PAHOA, Hawaii (Reuters) - A tide of molten rock turned a Hawaii street into a volcanic wasteland on Friday as the number of homes destroyed by the erupting Kilauea volcano soared and authorities told residents to flee a surge of lava heading towards them.
The destructive fury of the erupting Kilauea volcano was unleashed on the Big Island’s Leilani Estates housing development, with the number of homes and other structures destroyed leaping to 82 from a previous count of 50, according to the Federal Emergency Management Agency.
Some 2,200 acres (890 hectares) of land have been torched by lava since May 3, in what is likely to be the most destructive eruption of Kilauea in more than a century, according to the County of Hawaii.
“There were eight houses taken on this road in 12 hours,” Ikaika Marzo said in a Facebook video as he stood on Kaupuli street and showed a black, glass-like lava field where his cousin’s house previously stood.
Magma spewed from 100-foot-high (30-meter-high) cinder cones and formed elevated ponds of molten rock that were expected to soon overflow and stream into the next rows of homes - Kahukai Street and Mohala Street. Firefighters went door to door evacuating residents before the lava arrived.
“It’s this tide of lava that rises up and overflows itself on the edges and keeps rising and progressing forward,” U.S. Geological Survey geologist Wendy Stovall told journalists on a conference call.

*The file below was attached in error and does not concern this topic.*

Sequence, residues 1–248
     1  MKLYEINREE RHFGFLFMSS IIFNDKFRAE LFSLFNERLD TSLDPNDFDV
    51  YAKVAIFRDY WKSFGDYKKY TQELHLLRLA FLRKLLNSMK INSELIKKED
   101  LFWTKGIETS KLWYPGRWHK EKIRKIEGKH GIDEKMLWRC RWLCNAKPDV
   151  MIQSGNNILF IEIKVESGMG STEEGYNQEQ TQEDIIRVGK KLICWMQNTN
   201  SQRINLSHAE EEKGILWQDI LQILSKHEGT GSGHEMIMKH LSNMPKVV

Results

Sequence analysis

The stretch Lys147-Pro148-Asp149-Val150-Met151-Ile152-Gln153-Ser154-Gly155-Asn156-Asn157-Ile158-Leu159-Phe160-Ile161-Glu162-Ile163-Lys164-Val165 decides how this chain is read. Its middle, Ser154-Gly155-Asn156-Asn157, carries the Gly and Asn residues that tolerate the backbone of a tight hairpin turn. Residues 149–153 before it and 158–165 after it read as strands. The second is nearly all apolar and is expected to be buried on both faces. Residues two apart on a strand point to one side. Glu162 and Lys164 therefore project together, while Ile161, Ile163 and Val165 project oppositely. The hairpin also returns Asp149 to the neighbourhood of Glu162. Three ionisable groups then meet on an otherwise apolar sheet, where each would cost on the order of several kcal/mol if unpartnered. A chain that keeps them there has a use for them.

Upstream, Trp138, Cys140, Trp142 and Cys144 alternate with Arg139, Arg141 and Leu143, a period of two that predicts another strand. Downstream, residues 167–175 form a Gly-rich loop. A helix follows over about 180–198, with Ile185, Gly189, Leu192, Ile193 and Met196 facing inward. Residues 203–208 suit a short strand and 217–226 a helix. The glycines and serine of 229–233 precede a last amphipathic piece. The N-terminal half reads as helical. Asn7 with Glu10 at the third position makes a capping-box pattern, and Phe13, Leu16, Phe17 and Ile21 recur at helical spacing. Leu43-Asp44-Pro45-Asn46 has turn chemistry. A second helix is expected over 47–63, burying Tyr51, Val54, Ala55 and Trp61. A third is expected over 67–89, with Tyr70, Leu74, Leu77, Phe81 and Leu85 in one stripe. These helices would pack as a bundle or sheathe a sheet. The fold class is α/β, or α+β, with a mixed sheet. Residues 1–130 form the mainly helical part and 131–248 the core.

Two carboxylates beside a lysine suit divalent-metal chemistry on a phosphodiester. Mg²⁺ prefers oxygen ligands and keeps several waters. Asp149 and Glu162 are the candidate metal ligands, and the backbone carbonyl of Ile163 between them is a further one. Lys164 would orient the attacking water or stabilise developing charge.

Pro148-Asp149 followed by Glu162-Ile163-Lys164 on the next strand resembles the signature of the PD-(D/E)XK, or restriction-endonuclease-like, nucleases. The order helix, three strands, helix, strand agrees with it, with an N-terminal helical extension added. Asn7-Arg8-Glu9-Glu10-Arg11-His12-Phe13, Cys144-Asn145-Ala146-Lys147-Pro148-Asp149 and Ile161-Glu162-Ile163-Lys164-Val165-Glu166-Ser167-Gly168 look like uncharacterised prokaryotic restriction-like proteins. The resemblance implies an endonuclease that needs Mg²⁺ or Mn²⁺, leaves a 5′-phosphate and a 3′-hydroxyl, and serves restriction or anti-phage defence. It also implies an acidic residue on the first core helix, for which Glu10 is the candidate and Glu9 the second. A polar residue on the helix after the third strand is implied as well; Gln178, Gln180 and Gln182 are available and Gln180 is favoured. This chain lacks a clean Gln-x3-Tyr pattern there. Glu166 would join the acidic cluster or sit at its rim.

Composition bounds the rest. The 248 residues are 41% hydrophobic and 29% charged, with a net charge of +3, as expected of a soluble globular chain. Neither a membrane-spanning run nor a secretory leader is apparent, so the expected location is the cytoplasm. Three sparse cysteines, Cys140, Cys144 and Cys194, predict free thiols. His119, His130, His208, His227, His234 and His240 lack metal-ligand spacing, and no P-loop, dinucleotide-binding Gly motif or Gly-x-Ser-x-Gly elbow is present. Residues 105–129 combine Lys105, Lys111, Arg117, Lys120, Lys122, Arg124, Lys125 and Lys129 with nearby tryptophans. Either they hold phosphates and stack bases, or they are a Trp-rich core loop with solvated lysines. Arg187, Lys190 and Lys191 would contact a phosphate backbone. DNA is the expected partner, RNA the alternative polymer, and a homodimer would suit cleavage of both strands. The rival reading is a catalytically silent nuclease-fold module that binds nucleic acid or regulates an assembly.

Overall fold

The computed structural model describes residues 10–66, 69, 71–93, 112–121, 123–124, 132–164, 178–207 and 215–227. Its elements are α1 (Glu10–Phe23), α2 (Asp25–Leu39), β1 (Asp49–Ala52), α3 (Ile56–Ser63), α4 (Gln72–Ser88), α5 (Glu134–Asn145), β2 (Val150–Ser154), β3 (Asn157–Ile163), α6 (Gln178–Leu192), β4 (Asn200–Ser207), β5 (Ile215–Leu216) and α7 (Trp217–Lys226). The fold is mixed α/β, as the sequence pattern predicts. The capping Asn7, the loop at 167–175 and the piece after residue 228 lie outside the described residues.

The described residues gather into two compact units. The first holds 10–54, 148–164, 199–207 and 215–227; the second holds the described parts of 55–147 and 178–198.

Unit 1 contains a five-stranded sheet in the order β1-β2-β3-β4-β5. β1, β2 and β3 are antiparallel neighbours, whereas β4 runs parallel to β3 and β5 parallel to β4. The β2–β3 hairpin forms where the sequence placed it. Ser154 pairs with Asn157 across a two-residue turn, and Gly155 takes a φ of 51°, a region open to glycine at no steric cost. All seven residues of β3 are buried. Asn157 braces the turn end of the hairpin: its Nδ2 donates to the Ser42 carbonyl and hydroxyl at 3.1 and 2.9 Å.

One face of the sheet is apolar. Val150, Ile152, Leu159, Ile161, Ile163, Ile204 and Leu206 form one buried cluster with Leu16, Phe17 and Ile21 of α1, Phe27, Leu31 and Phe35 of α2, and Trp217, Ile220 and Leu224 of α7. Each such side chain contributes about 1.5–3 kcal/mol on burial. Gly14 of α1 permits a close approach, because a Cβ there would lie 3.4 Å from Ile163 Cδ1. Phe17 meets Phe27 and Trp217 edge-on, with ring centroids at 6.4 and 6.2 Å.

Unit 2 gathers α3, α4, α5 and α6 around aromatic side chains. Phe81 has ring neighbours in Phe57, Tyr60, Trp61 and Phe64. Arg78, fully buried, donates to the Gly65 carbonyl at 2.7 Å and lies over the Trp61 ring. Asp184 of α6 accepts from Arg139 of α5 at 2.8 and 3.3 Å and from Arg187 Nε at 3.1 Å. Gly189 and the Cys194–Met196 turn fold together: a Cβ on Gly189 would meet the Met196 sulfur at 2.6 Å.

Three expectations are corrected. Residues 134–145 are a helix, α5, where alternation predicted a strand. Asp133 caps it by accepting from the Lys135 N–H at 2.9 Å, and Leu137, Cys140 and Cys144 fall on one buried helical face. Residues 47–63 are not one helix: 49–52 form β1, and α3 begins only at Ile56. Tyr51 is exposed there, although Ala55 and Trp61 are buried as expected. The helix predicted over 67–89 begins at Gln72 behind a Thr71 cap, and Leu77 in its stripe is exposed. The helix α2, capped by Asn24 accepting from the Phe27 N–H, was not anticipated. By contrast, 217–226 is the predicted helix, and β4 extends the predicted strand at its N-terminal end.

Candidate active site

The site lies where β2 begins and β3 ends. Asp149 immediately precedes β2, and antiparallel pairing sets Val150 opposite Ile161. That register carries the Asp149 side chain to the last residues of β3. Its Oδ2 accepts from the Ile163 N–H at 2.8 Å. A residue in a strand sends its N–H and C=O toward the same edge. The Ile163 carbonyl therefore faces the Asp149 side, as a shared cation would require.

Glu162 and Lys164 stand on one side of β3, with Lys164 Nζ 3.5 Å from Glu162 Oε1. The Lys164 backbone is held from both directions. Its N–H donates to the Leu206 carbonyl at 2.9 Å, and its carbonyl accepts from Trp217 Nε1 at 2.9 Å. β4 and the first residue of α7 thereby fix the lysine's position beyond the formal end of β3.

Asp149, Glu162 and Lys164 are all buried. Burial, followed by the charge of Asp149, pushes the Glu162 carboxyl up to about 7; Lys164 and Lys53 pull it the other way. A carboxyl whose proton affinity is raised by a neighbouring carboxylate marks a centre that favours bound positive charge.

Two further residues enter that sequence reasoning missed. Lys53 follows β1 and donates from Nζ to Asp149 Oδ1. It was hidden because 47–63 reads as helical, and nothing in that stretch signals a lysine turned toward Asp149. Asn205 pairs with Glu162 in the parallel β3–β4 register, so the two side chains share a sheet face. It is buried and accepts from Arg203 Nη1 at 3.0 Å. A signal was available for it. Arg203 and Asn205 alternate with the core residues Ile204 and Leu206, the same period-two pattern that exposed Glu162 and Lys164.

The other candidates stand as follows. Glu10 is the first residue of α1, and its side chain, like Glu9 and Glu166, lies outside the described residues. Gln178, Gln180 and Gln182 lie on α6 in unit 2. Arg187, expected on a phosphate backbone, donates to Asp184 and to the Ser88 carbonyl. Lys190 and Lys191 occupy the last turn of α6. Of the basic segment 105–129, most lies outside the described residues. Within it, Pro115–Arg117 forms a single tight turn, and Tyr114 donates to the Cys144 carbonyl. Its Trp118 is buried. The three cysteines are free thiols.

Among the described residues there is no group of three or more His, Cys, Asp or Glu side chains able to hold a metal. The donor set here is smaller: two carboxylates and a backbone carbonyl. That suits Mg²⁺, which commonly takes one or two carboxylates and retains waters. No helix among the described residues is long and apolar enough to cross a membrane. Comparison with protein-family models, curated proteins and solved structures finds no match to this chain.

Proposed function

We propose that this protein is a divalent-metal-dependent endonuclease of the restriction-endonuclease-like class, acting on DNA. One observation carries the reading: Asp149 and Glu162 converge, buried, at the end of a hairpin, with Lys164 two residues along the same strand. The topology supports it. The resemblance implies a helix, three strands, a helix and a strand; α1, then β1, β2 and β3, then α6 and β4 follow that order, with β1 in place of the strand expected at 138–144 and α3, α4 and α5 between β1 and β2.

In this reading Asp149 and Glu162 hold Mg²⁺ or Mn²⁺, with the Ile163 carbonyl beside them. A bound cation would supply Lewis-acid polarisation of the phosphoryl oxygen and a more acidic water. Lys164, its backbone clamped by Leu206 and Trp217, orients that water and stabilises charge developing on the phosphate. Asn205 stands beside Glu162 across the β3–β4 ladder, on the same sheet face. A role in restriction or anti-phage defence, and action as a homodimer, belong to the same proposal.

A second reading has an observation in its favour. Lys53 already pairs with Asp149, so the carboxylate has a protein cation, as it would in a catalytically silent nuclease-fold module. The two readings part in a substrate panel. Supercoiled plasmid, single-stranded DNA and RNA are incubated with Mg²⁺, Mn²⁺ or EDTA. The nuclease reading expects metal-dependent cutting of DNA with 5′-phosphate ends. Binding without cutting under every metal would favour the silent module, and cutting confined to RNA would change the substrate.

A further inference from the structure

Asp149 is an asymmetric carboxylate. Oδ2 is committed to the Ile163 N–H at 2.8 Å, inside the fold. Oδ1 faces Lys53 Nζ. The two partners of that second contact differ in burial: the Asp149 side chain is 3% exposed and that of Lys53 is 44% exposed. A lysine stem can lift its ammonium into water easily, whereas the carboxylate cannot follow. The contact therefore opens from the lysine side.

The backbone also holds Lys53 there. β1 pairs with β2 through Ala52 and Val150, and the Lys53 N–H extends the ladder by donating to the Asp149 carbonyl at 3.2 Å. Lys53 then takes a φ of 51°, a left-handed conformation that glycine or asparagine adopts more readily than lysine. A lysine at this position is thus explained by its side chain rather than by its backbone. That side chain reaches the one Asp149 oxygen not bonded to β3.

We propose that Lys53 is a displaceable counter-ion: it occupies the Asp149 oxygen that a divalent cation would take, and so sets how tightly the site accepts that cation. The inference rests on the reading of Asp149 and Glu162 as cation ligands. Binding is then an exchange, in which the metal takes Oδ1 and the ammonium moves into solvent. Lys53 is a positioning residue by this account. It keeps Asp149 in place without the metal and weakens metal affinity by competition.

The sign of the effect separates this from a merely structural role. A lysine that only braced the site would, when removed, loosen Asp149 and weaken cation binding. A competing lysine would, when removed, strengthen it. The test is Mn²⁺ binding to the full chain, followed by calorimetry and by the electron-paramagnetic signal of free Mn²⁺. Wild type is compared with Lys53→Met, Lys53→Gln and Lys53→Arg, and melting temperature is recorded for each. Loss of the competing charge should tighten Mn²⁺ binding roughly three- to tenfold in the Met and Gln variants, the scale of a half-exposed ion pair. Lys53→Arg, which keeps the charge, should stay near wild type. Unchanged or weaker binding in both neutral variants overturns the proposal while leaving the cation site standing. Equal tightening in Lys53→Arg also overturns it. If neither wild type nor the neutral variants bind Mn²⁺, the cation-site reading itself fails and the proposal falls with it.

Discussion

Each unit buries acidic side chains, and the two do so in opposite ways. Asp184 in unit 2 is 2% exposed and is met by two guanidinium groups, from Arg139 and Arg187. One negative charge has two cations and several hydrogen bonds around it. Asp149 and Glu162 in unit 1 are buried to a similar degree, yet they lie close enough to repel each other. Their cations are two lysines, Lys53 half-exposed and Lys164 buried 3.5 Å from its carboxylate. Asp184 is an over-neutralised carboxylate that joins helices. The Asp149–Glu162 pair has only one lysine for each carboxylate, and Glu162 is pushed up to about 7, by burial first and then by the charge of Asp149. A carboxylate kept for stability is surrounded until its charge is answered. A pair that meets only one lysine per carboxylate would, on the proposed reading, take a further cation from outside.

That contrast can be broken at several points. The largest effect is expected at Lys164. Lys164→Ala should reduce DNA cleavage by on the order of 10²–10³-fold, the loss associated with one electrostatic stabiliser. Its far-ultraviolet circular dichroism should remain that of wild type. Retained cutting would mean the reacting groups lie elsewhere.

Around 37 structures are already “lava locked,” meaning homes are inaccessible, and people who do not evacuate may be trapped by lava flows.
“Any residents remaining in the current affected areas should evacuate now,” Hawaii County Civil Defense said in an alert.
Magma is draining underground from a sinking lava lake at Kilauea’s 4,091-foot (1,247-meter) summit before flowing around 25 miles (40 km) east and bursting from giant cracks, with two flows reaching the ocean just over three miles (5 km) distant.
Stovall declined to comment on lava volume being emitted. Marzo said he was told by a USGS geologist there was much more to come from Kilauea.
“What has been coming out is just a small fraction of what was in the volcano,” he said.
Though lava destruction from the volcano is confined to a roughly 10-square-mile (26-sq-km) area, the eruption is hurting the island’s tourist-driven economy as potential visitors fear ashfall or volcanic smog belching from Kilauea’s summit.
Visitor numbers to the Connecticut-sized island so far in 2018 are “trending a little bit lower” than 2017, with the cancellation of some port visits by cruise ships expected to have a $3 million impact, Ross Birch, head of the island’s tourism board said on a conference call.
Additional reporting by Jolyn Rosa in Honolulu; Writing and additional reporting by Andrew Hay in Taos, New Mexico; Editing by Sandra Maler and Paul Tait